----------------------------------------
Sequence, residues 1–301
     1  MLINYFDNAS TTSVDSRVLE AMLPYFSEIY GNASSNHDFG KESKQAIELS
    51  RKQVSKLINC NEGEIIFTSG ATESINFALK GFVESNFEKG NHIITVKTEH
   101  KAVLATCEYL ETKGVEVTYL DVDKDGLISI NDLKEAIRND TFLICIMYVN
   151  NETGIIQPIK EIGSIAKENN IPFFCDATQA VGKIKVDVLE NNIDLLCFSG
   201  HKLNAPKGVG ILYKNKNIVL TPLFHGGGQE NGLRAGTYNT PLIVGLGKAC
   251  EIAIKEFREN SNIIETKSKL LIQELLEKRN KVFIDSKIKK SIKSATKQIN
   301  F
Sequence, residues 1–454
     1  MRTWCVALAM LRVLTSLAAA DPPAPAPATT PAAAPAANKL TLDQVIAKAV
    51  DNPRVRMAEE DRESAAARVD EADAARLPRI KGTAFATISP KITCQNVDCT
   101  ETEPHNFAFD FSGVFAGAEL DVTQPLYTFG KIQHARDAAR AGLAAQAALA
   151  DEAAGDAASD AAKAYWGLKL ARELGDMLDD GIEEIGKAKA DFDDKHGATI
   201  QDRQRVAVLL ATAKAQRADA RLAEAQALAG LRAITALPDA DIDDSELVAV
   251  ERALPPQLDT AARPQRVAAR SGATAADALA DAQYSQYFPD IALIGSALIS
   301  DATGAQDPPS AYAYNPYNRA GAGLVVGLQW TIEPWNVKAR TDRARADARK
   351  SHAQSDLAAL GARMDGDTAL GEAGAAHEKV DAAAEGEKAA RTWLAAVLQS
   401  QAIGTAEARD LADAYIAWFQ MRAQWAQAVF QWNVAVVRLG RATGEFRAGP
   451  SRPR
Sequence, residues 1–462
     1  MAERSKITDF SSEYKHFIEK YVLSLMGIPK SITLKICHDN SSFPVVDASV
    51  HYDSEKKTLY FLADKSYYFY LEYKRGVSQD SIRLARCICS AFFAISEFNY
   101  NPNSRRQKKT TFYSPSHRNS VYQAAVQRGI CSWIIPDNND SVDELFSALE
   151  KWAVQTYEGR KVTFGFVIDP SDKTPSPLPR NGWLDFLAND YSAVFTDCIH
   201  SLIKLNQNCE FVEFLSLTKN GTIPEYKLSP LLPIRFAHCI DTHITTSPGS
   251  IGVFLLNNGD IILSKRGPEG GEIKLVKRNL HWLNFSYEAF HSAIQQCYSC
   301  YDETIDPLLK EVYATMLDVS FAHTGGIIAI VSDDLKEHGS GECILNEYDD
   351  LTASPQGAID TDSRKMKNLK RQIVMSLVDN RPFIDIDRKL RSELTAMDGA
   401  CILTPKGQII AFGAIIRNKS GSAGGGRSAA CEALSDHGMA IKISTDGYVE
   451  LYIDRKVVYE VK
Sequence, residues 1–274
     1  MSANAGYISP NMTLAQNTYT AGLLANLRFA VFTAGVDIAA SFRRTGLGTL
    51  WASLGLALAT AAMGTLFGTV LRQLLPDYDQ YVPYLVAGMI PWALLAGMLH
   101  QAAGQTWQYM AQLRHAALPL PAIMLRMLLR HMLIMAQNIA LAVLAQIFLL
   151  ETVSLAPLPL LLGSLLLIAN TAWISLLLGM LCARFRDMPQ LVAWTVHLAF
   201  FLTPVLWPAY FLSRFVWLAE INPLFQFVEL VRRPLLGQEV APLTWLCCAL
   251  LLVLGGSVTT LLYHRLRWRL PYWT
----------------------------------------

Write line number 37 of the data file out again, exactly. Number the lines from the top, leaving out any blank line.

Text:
   251  LLVLGGSVTT LLYHRLRWRL PYWT